Paul Gonet solved your problem in the comments, but here is how you can spot the problem yourself, and a bit more detail for future reference.
You are not making a new vertex but rather moving only one vertex when there are two in the same place.
You can easily spot that problem, double vertices, by looking at the selection color of the edges. In your image below I highlighted in red the edge you should watch out for. It is not selected, that means that it is not connected to the vertex you do have selected (and thus there is a double vertex hiding there).
Whenever you select a vertex all the edges connected to it should be the selected color (the default is orange) around the vertex (the whole edge will not change color, the selected color fades out along the edge).
You can select the second vertex that is hiding there, change the shading mode to Wireframe in the 3D view header or by pressing Z. Now select one of the vertices that are there, then hold Shift and select the second.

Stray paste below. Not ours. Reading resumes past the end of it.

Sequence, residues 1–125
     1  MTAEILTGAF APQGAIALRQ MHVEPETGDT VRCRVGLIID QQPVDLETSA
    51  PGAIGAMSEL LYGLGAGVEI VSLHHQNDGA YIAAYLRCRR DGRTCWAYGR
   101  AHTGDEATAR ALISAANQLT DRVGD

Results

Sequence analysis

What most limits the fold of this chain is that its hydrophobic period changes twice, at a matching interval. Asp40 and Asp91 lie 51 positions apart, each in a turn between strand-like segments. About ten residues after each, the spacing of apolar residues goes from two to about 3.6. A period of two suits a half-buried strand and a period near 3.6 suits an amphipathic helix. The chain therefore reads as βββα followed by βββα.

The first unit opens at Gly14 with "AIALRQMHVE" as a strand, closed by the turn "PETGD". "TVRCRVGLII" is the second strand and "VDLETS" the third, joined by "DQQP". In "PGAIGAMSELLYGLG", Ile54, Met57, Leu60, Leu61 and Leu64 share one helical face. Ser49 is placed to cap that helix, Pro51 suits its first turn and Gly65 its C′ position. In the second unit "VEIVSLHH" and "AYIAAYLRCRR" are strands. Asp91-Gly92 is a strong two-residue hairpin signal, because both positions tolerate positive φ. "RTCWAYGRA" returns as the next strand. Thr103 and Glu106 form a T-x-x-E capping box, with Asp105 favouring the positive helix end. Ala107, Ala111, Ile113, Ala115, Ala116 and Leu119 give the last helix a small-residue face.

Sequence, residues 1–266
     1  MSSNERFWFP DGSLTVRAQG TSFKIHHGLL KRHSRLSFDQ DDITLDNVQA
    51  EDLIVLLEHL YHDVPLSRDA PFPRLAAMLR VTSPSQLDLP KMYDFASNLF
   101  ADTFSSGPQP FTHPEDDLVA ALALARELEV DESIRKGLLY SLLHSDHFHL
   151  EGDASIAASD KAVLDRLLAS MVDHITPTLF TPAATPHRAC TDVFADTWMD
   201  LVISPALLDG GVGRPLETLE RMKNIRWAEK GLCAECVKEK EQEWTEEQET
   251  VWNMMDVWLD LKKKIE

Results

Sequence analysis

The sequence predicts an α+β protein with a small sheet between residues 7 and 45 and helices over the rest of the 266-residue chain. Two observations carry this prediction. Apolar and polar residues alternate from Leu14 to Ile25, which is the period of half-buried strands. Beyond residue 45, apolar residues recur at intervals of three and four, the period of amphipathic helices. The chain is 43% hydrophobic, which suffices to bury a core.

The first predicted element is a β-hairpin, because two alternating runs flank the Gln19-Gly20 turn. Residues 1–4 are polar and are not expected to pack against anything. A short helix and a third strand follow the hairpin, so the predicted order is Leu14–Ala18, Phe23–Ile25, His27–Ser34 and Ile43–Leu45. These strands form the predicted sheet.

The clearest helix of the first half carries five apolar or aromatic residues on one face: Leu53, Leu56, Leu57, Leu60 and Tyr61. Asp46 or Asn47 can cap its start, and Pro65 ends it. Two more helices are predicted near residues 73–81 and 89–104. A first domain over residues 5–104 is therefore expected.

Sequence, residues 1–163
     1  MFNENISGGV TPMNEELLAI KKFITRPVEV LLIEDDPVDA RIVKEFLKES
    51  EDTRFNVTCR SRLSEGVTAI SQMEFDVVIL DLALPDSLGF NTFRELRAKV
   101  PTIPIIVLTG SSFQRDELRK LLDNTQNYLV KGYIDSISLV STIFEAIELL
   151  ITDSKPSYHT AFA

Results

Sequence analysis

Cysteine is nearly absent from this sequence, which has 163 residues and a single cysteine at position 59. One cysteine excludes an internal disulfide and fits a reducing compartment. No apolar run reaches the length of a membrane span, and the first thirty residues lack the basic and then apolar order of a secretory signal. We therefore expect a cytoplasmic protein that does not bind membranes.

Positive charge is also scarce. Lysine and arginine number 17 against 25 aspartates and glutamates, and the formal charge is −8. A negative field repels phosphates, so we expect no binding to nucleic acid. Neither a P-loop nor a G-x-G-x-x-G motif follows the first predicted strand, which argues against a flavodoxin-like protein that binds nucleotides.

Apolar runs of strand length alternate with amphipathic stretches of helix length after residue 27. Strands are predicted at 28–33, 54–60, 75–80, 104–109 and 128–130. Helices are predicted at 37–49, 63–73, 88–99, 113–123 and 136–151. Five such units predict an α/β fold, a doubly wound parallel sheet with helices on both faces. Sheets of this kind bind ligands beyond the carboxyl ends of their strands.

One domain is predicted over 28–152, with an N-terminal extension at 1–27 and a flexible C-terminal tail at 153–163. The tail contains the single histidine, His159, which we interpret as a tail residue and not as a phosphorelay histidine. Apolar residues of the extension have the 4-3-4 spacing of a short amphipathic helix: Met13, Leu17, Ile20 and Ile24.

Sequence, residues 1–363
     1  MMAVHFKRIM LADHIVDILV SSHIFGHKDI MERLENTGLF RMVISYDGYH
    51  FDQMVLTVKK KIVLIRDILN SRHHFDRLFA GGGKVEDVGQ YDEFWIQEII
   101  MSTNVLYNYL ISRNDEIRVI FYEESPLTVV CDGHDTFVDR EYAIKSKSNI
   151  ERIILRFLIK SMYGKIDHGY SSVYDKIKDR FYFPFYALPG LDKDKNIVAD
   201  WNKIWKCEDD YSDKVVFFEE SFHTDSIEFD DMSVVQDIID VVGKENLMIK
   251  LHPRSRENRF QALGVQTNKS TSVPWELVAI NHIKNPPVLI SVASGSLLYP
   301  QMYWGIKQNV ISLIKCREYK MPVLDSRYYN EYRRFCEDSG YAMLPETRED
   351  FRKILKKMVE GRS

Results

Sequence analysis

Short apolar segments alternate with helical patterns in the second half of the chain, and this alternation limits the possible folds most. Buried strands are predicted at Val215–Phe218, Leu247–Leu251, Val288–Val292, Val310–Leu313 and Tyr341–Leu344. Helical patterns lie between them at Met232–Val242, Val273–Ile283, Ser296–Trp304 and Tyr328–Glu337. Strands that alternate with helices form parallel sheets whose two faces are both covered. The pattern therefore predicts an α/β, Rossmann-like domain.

You can also use border select B, circle select C, or lasso select (hold Ctrl and drag with the LMB
held) to easily select double vertices.
To get rid of the problem you can use the Remove Doubles operator or Merge them. Both are accessible in the Tools tab of the tool shelf and many other ways.
Remove Doubles (W then R) will go through every vertex that is selected and see if there are any within its merge distance if there are, then it will merge them.
Merge (AltM) can be thought of as a manual version of the remove doubles command, but with much more control. For a scenario like you have where the two vertices are in the exact same place, any of the first three options will work fine (and do the same thing).